The week in review


This week saw one of the most talked-about changes in pharmacy history finally take place: low-dose codeine is now Prescription Only

The mainstream media reported extensively on the upschedule, with one journalist revealing a groundswell of fury in the community, and another announcing he was stockpiling—and then doubling down on the controversial statement.

Doctor groups were keen to express their support for the upschedule, with the AMA‘s Dr Michael Gannon claiming the Pharmacy Guild‘s advocacy on codeine had shone a light on the extent of the problem and saying armies of people are dependent on the drug. Meanwhile, libertarian Senator David Leyonhjelm said the Federal Government should pave the way for cannabis to fill the gap left by codeine, and Amcal revealed the vast number of people suffering pain.

We’d like to know if you’re experiencing difficulty with angry customers who didn’t know the change was coming… tell us what’s happened in your pharmacy here and check out some advice here on how to handle them.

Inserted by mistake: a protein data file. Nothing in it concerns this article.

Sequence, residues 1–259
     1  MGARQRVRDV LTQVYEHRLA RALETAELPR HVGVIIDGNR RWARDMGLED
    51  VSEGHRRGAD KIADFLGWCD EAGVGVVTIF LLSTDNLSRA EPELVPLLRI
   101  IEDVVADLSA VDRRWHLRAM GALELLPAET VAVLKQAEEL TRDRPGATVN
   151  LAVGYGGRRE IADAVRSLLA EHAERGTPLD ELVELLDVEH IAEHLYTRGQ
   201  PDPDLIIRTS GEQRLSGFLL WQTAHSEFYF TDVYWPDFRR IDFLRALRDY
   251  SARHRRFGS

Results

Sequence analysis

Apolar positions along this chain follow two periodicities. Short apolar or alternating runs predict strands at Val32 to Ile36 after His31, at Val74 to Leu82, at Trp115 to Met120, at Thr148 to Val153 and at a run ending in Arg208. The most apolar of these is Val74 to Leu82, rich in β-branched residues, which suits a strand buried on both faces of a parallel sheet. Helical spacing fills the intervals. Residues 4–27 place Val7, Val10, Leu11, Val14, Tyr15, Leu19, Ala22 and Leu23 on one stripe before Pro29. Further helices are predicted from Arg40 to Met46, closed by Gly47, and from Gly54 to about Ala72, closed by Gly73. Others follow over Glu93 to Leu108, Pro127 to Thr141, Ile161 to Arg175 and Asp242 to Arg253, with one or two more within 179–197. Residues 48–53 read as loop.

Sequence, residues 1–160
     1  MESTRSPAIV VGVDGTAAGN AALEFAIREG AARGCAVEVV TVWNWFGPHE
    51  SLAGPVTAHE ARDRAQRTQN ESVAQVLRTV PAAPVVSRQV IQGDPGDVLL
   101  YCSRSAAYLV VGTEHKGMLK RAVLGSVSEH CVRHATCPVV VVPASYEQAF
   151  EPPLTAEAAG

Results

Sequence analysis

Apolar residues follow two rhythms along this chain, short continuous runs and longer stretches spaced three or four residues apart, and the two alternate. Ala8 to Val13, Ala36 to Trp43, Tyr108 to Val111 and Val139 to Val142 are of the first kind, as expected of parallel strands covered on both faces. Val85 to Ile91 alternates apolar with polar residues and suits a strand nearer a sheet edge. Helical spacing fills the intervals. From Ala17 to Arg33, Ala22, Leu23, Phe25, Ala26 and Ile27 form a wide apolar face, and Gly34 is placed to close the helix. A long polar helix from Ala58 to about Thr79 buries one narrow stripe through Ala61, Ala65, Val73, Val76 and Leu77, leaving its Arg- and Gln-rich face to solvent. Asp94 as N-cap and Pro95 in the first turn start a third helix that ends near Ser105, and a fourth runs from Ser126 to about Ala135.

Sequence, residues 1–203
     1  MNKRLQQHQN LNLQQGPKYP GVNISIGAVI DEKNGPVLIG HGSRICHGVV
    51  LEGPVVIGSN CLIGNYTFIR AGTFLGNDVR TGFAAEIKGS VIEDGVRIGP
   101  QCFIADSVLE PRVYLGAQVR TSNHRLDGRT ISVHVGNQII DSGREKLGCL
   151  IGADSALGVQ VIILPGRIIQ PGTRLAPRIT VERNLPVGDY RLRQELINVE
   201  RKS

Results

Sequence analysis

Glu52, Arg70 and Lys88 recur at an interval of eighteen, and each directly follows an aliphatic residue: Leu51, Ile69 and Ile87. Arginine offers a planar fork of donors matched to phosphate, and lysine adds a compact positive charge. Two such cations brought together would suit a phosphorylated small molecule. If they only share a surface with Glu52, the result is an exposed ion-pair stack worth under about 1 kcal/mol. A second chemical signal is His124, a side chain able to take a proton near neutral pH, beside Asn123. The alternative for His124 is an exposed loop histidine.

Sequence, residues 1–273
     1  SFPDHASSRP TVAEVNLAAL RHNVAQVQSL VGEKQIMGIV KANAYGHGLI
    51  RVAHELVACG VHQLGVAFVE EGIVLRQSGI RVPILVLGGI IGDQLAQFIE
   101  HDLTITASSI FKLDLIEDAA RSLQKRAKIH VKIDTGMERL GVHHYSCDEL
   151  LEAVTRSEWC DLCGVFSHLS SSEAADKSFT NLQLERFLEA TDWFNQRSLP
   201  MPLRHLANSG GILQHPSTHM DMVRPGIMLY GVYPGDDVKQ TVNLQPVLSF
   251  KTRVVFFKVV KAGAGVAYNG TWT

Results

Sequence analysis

Those representing doctors weren’t as keen on the new Pain MedsChecks announced late last week by Health Minister Greg Hunt—though one did take to The Australian to express her frustration at the “turf war” between doctors and pharmacists.

Pharmacy students wrapped up a fantastic week in Sydney at the NAPSA Congress, and PSA‘s consultation on the My Health Record has begun.

In the US, the compounding pharmacist convicted of a number of counts relating to his role in the 2012 fungal meningitis outbreak was sentenced to eight years’ prison. And speaking of compounding, the Pharmacy Board reminded the sector that another change came into effect on 1 February: a revised guidance, Compounding of sterile injectable medicines, has been incorporated into the Pharmacy Board’s Guidelines on compounding of medicines.

With so much going on, it’s no wonder that 40% of pharmacists say they’ve experienced burnout in the past, with another quarter going through it right now. If you’re one of them, or you’re distressed by angry codeine-seeking patients this month, talk to the Pharmacists’ Support Service on 1300 244 910.

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